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Ukes process tracing presentation

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Itad's Melanie Punton's presentation on Process Tracing from the UKES Conference, May 2015.

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Ukes process tracing presentation

  1. 1. Punton & Welle (2015) Straws-in-the- wind, Hoops and Smoking Guns: What can Process Tracing Offer to Impact Evaluation? http://www.ids.ac.uk/publication/straws-in-the-wind-hoops-and- smoking-guns-what-can-process-tracing-offer-to-impact- evaluation Stedman-Bryce (2013) Health for All: Towards Free Universal Health Care in Ghana http://policy- practice.oxfam.org.uk/publications/effectiveness- review-health-for-all-towards-free-universal-health- care-in-ghana-306376 2
  2. 2. Process Tracing: A qualitative method for assessing causal inference within a single case Sits in the ‘evaluator’s toolbox’ alongside • Theory-based evaluation • Contribution analysis • Realist evaluation 3
  3. 3. Why process tracing? 0 Useful where pathways of change are uncertain 0Tells you WHY change happened 0 Rigorous approach through ex-post design without a control group 0Time intensive 0 Requires the outcome to be known 0 Uncharted territory 4
  4. 4. A brief history of process- tracing 0 A method stemming from the social and political sciences. Major contributors: Alexander George, Andrew Bennett, David Collier 0 Originally used to explain historical events, e.g. the cause of the Cuban Missile Crisis (Allison and Zelikow 1999) 0 A ‘contested method’ 0 Beach and Pederson’s book (2013): detailed theory and step-by-step guidance 0 Limited examples of its application in evaluation NB: See Punton & Welle (2015) for references 5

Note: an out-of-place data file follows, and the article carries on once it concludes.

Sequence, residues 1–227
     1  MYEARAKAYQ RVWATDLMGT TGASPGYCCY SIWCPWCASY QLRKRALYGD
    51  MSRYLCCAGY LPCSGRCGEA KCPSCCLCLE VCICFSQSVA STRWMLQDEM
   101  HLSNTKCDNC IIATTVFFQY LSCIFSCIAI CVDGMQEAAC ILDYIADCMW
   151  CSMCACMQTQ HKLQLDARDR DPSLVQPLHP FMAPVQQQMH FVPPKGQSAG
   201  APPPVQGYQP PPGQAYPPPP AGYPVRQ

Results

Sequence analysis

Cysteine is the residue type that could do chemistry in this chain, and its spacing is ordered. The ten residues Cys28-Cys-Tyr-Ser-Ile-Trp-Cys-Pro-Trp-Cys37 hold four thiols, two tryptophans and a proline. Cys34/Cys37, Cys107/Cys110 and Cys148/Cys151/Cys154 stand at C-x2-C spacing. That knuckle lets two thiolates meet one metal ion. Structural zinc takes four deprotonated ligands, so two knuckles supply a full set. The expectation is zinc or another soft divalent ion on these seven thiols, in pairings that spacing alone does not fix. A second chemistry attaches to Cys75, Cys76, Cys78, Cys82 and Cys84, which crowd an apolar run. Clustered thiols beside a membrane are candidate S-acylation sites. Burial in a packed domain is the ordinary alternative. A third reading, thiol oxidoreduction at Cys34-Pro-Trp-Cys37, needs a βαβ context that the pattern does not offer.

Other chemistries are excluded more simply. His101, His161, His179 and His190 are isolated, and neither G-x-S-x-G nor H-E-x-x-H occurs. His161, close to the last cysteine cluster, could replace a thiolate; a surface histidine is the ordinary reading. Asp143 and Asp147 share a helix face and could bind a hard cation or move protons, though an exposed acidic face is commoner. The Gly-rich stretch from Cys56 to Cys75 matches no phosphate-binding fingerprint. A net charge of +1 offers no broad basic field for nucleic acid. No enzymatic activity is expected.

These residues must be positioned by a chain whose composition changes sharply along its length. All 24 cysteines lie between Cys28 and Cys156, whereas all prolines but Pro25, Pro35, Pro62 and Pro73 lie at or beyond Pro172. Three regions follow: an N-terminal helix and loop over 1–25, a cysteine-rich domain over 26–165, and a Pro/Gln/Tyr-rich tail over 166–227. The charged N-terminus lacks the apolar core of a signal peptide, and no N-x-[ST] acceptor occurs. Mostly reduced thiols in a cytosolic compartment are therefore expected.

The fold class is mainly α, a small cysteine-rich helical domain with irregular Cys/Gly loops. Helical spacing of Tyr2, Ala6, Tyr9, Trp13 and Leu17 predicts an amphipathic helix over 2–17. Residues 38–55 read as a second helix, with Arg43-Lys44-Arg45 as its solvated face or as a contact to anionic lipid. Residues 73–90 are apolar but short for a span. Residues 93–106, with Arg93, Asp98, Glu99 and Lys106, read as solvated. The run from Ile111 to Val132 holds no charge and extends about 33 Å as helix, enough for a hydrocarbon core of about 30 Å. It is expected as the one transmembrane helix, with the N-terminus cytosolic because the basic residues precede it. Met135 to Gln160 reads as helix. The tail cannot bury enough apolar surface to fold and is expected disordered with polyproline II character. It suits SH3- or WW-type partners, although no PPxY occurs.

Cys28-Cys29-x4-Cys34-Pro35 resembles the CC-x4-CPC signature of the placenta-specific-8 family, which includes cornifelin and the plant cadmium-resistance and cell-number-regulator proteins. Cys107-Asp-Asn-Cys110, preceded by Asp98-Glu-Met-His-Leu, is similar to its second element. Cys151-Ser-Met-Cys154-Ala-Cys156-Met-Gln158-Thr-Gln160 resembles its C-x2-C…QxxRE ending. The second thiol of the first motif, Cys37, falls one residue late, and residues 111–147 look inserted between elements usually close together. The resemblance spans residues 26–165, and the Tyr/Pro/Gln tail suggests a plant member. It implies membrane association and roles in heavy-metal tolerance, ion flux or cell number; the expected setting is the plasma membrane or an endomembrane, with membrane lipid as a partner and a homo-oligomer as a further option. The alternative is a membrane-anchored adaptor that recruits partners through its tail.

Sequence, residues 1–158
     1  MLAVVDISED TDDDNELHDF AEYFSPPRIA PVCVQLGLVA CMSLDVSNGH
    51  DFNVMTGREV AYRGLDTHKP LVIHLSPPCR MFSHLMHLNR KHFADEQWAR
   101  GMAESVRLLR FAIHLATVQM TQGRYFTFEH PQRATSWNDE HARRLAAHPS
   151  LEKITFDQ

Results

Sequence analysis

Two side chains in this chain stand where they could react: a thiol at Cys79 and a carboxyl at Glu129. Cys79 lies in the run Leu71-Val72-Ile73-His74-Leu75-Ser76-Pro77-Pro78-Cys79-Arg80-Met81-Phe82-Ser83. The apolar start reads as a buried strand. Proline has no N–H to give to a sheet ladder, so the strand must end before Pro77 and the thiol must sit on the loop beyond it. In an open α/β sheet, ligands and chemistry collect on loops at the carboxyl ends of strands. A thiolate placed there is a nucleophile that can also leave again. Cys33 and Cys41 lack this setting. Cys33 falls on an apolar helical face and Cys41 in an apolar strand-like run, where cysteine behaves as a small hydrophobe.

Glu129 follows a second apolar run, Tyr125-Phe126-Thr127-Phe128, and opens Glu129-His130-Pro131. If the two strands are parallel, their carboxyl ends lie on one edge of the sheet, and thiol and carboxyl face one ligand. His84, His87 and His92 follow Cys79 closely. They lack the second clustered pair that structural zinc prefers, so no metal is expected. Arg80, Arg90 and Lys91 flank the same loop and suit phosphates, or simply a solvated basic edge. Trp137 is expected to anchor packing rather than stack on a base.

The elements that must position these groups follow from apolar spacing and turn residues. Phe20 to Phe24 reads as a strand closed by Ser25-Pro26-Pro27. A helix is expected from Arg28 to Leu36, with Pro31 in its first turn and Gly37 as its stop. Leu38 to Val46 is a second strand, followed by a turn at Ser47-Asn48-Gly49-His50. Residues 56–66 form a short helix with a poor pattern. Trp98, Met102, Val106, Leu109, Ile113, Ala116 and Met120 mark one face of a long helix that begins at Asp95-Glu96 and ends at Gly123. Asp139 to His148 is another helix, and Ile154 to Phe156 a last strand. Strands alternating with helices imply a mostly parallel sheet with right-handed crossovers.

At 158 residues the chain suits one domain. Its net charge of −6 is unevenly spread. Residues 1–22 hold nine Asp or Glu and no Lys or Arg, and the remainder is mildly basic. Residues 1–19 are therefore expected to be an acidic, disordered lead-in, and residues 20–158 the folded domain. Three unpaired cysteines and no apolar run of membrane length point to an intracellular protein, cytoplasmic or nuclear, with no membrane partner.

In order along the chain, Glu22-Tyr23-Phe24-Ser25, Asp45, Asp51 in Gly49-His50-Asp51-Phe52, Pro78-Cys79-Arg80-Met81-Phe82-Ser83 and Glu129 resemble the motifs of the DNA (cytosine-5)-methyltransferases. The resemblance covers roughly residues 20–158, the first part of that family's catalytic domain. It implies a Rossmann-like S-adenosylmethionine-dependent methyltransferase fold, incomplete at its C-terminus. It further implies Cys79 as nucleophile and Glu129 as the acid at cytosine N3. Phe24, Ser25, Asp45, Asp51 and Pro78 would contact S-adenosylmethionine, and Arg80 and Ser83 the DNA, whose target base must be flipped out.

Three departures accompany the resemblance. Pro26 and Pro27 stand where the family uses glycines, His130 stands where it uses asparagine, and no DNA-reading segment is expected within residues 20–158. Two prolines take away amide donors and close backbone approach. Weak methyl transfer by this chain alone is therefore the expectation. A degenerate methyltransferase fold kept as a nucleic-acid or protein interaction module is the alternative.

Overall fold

5. 5. Counterfactual framework Generative framework Experimental (RCTs) Quasi-experimental Process tracing Realist evaluation Intervention A Outcome B???? Opening up the black box 6
  6. 6. Causal mechanisms Intervention A Outcome B???? Causal mechanism Generative causal framework 7
  7. 7. Causal mechanisms Part3Part2Part1 Intervention A Entity 1 Entity 2 Entity 3 Activity 1 Activity 2 Activity 3 Outcome B 8
  8. 8. The Universal Health Care Campaign in Ghana 0 Collaborative advocacy effort by civil society to promote universal free access to health care 0 Core funding from Oxfam until 2013 0 Lobbying, mobilising, media and research 0 Effectiveness review in 2012-13, using elements of process tracing Stedman-Bryce (2013) Effectiveness Review: Health for All: Towards Free Universal Health Care in Ghana http://policy- practice.oxfam.org.uk/publications/effectiveness-review- health-for-all-towards-free-universal-health-care-in- ghana-306376 9
  9. 9. A (simple) example of a process tracing mechanism Universal Health Care campaign Free universal health care Civil society Conduct coordinated advocacy activities for free universal health care Part 1 Public Part 2 Become aware of the limitations of current health care financing Public Part 3 Demand free universal health care from government actors Govern- ment actors Part 4 Increasingly support free universal health care, based on desire for public support Govern- ment Part 5 Amend policies and processes to move towards free universal health care Activity Entity 10
  10. 10. Differences between a mechanism and a theory of change… 0 No leaps in logic between the parts 0 Every part should be necessary 0 Every part should be observable and empirically measurable 11
  11. 11. Collecting evidence • Examples of coordinated advocacy linked to campaign (e.g. events, platforms, meetings) • Interview data suggesting that the campaign increased knowledge about and interest in healthcare reform among civil society actors • Number of advocacy events held before the campaign started, compared to number held during campaign Hypothesis: civil society conducts coordinated advocacy for free healthcare as a result of the Campaign 12